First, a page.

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US reports record 68,428 new coronavirus cases in 24 hours, death toll at 1,38,201: Johns Hopkins

That brought the total death toll in the country since the pandemic began to 138,201, and the total number of cases to 3,560,364.

Published: 17th July 2020 08:02 AM  |   Last Updated: 17th July 2020 08:02 AM   |  A+A-

An oversized mask adorns the face of a replica Statue of Liberty at Las Vegas' New York-New York hotel and casino. (Photo | AP)

By Agencies

WASHINGTON: The United States on Thursday set yet another record for new coronavirus cases with 68,428 infections recorded in 24 hours, according to a tally by Johns Hopkins University.

In that period the death toll also climbed by 974 people, the Baltimore-based university's tracker showed at 8:30 pm (0030 GMT Friday).

That brought the total death toll in the country since the pandemic began to 138,201, and the total number of cases to 3,560,364.

The US remains the hardest-hit country in the world in absolute terms.

Experts believe it never emerged from its first wave of infections, and cases have been surging again in recent weeks, particularly across the south and west in states that pushed to lift lockdown restrictions early.

Florida has emerged as the epicentre of the US outbreak, reporting a record 156 COVID-19 deaths on Thursday and nearly 14,000 new infections.

The total number of virus cases in the "Sunshine State" has now surpassed 315,000, and there have been 4,782 deaths, according to Florida Department of Health figures.

Florida is now reporting more COVID-19 cases daily than any other state in the country. California and Texas are next, with about 10,000 new cases a day each.

Texas reported 10,000 new cases for the third straight day and 129 additional deaths. The state has seen a third of its more than 3,400 total COVID-19 fatalities in the first two weeks of July alone.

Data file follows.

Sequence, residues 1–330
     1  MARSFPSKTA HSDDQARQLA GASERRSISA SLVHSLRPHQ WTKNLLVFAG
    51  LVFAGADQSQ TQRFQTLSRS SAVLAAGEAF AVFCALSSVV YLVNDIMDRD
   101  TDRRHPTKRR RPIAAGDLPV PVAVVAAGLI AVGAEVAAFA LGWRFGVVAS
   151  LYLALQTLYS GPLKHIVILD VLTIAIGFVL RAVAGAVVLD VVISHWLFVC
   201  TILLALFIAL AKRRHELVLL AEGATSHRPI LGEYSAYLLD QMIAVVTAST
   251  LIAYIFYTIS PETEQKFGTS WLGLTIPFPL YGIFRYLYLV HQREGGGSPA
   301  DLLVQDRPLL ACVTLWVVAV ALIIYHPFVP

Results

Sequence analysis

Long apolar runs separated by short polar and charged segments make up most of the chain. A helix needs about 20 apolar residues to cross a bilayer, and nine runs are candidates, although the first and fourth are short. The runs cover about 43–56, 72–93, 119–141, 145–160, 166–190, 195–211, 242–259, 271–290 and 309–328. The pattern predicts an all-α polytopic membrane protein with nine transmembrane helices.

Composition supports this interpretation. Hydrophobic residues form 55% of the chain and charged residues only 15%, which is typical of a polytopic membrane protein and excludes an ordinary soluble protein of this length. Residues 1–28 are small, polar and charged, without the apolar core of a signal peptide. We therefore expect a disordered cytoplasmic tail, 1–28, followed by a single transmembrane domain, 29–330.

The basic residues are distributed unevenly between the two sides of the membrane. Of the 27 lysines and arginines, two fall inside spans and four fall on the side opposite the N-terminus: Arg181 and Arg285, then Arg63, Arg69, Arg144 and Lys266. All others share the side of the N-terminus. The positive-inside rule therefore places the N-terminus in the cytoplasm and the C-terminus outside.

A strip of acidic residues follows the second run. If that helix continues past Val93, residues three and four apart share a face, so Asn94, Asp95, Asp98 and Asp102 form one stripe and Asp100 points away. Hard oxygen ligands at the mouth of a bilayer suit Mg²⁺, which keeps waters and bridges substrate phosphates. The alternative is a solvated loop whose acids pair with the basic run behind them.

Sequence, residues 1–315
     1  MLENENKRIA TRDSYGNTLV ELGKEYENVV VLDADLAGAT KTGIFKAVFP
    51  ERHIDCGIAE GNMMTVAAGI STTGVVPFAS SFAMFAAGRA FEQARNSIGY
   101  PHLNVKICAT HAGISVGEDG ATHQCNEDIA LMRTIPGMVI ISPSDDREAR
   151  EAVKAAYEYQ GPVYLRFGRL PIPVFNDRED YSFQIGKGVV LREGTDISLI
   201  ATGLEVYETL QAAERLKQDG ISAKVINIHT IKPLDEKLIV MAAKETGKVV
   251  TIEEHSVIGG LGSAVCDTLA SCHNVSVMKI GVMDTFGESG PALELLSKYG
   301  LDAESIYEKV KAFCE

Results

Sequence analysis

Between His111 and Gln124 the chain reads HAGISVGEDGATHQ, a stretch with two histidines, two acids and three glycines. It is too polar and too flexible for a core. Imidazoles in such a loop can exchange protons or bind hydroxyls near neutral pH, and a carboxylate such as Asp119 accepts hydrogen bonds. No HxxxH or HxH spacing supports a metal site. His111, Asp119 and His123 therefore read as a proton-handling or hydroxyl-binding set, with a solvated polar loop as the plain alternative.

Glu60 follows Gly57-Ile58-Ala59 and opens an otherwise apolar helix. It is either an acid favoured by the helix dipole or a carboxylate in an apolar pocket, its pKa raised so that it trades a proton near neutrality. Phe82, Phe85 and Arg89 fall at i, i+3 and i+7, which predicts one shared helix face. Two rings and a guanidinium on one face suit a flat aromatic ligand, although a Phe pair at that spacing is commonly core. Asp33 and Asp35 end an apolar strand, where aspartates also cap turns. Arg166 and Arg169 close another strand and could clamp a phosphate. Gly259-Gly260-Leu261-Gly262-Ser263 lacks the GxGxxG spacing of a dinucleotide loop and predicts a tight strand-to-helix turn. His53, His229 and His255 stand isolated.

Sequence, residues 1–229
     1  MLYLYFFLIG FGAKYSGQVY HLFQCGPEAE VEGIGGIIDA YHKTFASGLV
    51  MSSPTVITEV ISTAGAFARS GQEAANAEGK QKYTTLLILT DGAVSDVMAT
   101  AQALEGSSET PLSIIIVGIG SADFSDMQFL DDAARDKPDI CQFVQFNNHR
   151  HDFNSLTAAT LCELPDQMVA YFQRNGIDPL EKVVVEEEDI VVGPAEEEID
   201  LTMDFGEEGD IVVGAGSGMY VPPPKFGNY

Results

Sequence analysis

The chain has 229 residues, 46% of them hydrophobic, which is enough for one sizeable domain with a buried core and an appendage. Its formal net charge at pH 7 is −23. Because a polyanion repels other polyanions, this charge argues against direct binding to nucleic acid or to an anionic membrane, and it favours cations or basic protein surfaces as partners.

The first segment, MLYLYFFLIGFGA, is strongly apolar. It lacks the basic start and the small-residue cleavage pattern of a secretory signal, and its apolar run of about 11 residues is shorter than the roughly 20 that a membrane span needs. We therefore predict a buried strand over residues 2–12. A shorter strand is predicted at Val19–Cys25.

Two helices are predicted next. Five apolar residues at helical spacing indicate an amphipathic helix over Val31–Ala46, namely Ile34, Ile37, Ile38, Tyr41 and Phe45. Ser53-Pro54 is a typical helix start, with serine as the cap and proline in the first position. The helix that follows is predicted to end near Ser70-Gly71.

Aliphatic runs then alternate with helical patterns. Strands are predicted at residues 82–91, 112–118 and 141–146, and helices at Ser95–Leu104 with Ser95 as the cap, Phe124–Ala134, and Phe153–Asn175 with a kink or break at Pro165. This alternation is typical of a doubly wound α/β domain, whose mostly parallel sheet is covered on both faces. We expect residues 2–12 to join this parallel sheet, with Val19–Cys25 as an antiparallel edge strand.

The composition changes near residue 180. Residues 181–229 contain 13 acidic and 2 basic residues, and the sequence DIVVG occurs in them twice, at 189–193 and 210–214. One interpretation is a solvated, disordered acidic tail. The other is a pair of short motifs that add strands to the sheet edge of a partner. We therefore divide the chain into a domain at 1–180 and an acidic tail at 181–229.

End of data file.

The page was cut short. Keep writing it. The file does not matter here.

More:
Florida reached another ominous record, with 156 virus deaths, and health officials reported a staggering 13,965 new cases.

South Carolina confirmed 69 deaths, more than double any other day. In Louisiana, where officials thought they had contained the virus earlier this year only to become a hot spot again, it's averaged more than 2,000 new confirmed infections a day over the past week.

Many of the governors leading states with the highest rising numbers had refused to mandate masks in public or prevented local officials doing so. While a number of them have reversed course — including Arkansas’ Republican governor — and at least 25 states now have mask rules, Georgia Gov. Brian Kemp banned cities and counties from requiring face coverings and then sued Atlanta to prevent the city from defying his order.

Georgia's capital and 14 other cities had ordered masks be worn, but the Republican governor has maintained that no local directive can be more or less restrictive than his statewide mandates.

“How can we take care of our local needs when our state ties our hands behind our back and then says, ‘Ignore the advice of experts?’” Savannah Mayor Van Johnson told reporters. He later added: “If you don’t want to protect us, then allow us the opportunity to protect ourselves.”

Arizona, meanwhile, has been so hard hit by the virus, the medical examiner's office in metro Phoenix has gotten portable storage coolers and ordered more to handle an influx of bodies — reminiscent of New York City at the height of the pandemic there earlier this year.

The Arizona agency’s regular morgue storage was 63% full Thursday. Marcy Flanagan, executive director of the Maricopa County Department of Public Health, said many funeral homes are at capacity and unable to accept more bodies.

In Texas, the rising numbers are hitting big cities like Houston as well as smaller communities along the Mexico border. This month, Hidalgo County, about 220 miles (354 kilometers) south of San Antonio on the border, has reported more deaths than Houston's Harris County.

An 86-person Army team of doctors, nurses and support staff was setting up a nursing station at United Memorial Medical Center and expected to begin treating up to 40 patients in the coming days.

Some of the soldiers from around the country wore their uniforms. Others wore scrubs affixed with strips of surgical tape that had their ranks, names and medical titles.


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